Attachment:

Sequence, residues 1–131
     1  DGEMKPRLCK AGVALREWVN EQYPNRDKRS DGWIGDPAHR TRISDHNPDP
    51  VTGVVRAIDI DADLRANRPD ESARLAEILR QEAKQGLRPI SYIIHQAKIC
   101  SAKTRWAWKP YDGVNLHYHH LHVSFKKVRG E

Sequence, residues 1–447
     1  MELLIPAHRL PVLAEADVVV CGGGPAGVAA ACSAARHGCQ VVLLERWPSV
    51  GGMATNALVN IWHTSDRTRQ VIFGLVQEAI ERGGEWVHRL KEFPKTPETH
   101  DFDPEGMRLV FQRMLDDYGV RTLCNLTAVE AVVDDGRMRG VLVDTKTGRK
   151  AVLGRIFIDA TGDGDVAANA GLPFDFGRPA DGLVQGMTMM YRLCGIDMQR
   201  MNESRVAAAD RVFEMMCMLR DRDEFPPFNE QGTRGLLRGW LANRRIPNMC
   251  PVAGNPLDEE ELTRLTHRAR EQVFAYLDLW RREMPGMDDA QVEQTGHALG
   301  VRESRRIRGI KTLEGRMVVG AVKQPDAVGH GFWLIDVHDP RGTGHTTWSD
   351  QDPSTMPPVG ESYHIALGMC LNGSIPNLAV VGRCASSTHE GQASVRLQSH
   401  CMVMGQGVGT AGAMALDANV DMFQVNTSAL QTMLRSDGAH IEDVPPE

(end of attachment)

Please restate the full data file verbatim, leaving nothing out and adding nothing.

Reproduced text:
Sequence, residues 1–131
     1  DGEMKPRLCK AGVALREWVN EQYPNRDKRS DGWIGDPAHR TRISDHNPDP
    51  VTGVVRAIDI DADLRANRPD ESARLAEILR QEAKQGLRPI SYIIHQAKIC
   101  SAKTRWAWKP YDGVNLHYHH LHVSFKKVRG E

Sequence, residues 1–447
     1  MELLIPAHRL PVLAEADVVV CGGGPAGVAA ACSAARHGCQ VVLLERWPSV
    51  GGMATNALVN IWHTSDRTRQ VIFGLVQEAI ERGGEWVHRL KEFPKTPETH
   101  DFDPEGMRLV FQRMLDDYGV RTLCNLTAVE AVVDDGRMRG VLVDTKTGRK
   151  AVLGRIFIDA TGDGDVAANA GLPFDFGRPA DGLVQGMTMM YRLCGIDMQR
   201  MNESRVAAAD RVFEMMCMLR DRDEFPPFNE QGTRGLLRGW LANRRIPNMC
   251  PVAGNPLDEE ELTRLTHRAR EQVFAYLDLW RREMPGMDDA QVEQTGHALG
   301  VRESRRIRGI KTLEGRMVVG AVKQPDAVGH GFWLIDVHDP RGTGHTTWSD
   351  QDPSTMPPVG ESYHIALGMC LNGSIPNLAV VGRCASSTHE GQASVRLQSH
   401  CMVMGQGVGT AGAMALDANV DMFQVNTSAL QTMLRSDGAH IEDVPPE